The children's advocates gathered to call for support of the Houston Food Bank, which distributed 12 million pounds of food in the hurricane's wake, and area day care centers, many of which were damaged and have not reopened.
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Ike relief fund returns day care to Galveston
Many Ike victims still waiting for help from FEMA

Friday, September 26, 2008

Return to Bolivar Peninsula is slow-going for residents after Hurricane Ike

Return to Bolivar Peninsula is slow-going for residents
By JUAN A. LOZANO Associated Press
Sept. 26, 2008, 11:45AM

HIGH ISLAND — Residents of the Bolivar Peninsula crowded onto the only roadway back home today, the first day they were allowed to return and check out the massive wreckage left behind after Hurricane Ike roared through this thin strip of land along the Gulf of Mexico.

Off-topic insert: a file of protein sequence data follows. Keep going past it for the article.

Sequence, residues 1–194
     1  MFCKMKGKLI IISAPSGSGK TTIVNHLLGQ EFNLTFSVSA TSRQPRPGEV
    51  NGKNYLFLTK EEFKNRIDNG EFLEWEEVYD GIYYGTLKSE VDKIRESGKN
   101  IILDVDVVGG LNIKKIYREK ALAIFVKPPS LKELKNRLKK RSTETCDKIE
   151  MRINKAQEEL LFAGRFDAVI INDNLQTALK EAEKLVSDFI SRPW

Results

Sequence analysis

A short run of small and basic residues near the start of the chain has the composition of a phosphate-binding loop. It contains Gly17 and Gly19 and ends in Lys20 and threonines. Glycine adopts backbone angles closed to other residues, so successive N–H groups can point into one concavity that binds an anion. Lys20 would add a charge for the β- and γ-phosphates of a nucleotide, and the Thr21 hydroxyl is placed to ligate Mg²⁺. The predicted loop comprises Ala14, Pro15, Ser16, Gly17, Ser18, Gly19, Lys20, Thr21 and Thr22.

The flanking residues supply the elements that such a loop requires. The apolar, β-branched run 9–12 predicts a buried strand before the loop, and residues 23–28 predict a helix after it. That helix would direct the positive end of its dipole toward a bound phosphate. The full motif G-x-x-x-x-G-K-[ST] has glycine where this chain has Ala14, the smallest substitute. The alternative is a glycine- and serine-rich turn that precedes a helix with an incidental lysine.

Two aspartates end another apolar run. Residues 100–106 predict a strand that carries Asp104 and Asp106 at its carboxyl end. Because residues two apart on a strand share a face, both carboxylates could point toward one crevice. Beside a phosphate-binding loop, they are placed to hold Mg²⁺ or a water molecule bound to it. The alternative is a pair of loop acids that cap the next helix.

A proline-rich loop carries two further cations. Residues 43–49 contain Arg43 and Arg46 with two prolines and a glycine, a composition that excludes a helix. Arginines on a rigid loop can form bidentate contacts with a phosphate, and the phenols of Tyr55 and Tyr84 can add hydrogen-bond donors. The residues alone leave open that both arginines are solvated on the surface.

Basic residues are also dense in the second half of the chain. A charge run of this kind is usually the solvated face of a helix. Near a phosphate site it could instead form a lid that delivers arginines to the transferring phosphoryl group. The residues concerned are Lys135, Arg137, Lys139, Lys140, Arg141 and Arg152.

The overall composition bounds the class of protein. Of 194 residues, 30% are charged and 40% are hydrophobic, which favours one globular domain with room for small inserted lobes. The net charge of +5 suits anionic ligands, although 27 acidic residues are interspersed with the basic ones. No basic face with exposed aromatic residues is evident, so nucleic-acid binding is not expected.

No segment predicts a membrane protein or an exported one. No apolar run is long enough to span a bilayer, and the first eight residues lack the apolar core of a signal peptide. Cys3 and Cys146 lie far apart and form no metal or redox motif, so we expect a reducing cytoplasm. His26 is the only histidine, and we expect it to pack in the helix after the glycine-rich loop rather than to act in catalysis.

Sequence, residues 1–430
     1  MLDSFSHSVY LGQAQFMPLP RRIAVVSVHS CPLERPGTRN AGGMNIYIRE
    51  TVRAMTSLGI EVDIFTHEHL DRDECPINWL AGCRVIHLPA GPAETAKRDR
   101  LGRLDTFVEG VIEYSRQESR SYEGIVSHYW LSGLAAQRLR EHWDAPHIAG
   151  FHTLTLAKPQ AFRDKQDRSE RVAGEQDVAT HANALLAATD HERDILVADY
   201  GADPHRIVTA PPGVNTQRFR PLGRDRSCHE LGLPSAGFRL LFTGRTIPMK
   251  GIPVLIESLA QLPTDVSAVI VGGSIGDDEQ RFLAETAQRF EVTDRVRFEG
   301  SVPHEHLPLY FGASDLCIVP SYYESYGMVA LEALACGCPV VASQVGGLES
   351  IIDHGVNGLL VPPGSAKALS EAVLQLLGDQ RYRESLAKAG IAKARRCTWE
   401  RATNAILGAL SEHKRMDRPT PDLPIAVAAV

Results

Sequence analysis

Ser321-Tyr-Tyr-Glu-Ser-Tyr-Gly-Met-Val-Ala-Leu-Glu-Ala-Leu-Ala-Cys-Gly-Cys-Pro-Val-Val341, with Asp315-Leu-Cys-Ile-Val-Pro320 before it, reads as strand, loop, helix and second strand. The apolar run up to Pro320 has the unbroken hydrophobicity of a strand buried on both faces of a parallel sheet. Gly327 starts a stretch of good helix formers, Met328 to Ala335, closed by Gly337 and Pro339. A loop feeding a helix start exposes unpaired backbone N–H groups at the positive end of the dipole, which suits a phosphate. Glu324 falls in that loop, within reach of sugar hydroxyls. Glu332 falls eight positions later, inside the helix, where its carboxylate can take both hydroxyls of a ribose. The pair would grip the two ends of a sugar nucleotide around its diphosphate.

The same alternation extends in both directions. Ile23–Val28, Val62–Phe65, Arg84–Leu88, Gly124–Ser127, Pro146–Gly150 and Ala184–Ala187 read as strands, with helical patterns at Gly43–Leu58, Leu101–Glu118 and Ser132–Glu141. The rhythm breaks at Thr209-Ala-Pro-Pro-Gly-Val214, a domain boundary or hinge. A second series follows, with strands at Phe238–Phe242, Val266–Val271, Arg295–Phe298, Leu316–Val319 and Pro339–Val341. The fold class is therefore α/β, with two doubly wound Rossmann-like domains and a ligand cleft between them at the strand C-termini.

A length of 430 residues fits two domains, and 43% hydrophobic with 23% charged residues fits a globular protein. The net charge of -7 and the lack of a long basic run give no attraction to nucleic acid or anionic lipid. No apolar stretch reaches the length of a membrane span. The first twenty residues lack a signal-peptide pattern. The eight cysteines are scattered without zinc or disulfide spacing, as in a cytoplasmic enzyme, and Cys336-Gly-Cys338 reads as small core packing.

The peninsula's 4,000 or so residents are being allowed back on a "look and leave" policy, lining up to return despite warnings they could find snakes and alligators in the debris. The peninsula just northeast of Galveston was among the hardest-hit areas when Ike blasted ashore Sept. 13, with 110 mph winds and a storm surge that swept away homes and businesses.

In the small town of Gilchrist, what was once a field across the street from some vacation beach houses now looked more like a dump where the remains of the homes were scattered. Homeowners slowly wandered through the field, looking through chunks of wood, plates, VCRs, blinds and broken toilets.

Beth Varing, whose vacation home of 20 years was gone except for some wooden pilings, was making a small pile beside the road of items she recovered: a few unbroken dishes, some utensils, a fishing pole and some tile pieces.